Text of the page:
• Polar Bears’ Fur – The Dark Truth

    Polar Bears’ Fur – The Dark Truth

    What colour is a polar bear’s fur? White, right?


    It is actually pigment-free and transparent. It’s the light that reflects off the fur that makes it appear white. Sometimes, before the moulting period, polar bears may look more dirty yellow than bright white, due to the oil from the seals they eat. In humid conditions, their coats may even have a green tint from harmless algae that grows underneath.

    There are ways to restore polar bears’ fur to the snowy glory that gave them iconic status on packets of Fox’s Glacier Mints.

    In 1979, the polar bears in San Diego zoo were treated with a salt solution to remove the algae from their fur. In 2004, Sheba the polar bear was treated at Singapore Zoo with a hydrogen peroxide solution to restore her natural fur coat. Sadly, the much-loved bear has now passed away, although her presence lives on, as her body has been preserved and is on show to the public visiting the zoo.

    If a polar bear were to lose all of its hair, it would reveal that it actually has black skin, which acts as a heat insulator to the sun’s rays. There is a thick layer of fat underneath their skin, which could measure around 11.5cm, explaining why this mammal is so strong and sturdy.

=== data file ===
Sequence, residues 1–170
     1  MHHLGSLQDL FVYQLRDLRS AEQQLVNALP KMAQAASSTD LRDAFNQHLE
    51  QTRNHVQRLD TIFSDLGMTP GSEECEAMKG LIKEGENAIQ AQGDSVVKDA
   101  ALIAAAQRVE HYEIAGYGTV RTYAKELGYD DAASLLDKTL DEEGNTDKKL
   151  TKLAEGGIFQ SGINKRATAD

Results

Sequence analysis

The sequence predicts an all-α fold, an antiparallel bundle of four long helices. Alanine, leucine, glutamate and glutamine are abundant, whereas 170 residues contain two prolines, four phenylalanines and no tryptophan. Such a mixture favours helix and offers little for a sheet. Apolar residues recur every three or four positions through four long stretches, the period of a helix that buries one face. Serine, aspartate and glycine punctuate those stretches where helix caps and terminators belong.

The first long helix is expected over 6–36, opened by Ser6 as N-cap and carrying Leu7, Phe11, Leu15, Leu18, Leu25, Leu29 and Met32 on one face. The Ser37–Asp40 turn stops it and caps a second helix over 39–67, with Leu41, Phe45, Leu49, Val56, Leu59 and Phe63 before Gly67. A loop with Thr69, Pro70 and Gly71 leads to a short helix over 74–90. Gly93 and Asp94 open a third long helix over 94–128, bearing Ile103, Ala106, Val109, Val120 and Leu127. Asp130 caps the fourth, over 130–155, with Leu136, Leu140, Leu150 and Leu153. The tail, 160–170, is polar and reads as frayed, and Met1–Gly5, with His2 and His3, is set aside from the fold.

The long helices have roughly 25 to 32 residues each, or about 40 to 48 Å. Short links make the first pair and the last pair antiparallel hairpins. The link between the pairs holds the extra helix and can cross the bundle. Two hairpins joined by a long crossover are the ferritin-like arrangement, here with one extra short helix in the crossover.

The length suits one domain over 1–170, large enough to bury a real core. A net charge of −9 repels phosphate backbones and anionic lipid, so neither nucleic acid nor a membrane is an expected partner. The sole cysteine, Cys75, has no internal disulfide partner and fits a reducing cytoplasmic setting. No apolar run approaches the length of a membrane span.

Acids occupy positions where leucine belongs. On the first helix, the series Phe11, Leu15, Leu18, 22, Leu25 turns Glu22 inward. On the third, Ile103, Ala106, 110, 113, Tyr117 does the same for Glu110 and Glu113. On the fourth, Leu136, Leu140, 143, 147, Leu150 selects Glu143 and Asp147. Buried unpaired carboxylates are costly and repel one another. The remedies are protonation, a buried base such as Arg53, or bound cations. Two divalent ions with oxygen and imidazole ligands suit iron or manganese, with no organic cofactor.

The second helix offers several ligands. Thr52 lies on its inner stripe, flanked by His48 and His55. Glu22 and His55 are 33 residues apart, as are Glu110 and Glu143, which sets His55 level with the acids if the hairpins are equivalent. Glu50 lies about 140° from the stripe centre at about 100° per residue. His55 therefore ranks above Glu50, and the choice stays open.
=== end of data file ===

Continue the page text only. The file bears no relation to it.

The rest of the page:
On land, the polar bear’s fur coat prevents heat loss and it is known for some polar bears to overheat when they run. In water, it’s the fat that keeps them warm, as wet fur is not a good insulator.

    A polar bear’s fur coat is ideal camouflage as it protects them from hunters as well as hiding from their prey. The mammals aren’t the biggest fans of swimming, though they tactically use water to source their prey. Polar bears show their intelligence as they strategically put their paws over their nose and mouth, making them invisible to the seals they’re stalking.

    Drop-dead gorgeous

    As enticingly cuddly as polar bears may seem, (one could not disagree with this cute video)

    they are extremely dangerous and should never be approached. One episode of the BBC’s Frozen Planet series shows how the film crew have to have their wits about them at all times and are always advised to carry a pistol to scare off polar bears who come too close. As the warning goes: “It is not the bear you see that is going to get you.”

    Health and safety

    The BBC’s Frozen Planet also shows how a team of professionals handle a yearly polar bear health check. From a helicopter, they shoot the bears with a harmless dart to sedate them while they’re checked over. These health checks are used to monitor what is happening to the population of polar bears as a whole. The polar bear will be weighed to check it’s a sufficient weight for survival. If a female polar bear isn’t heavy enough, she is at risk as well as any underweight cubs, who will have extreme difficulty surviving their first year on earth.

    Get fat to survive – if only human doctors told us the same.

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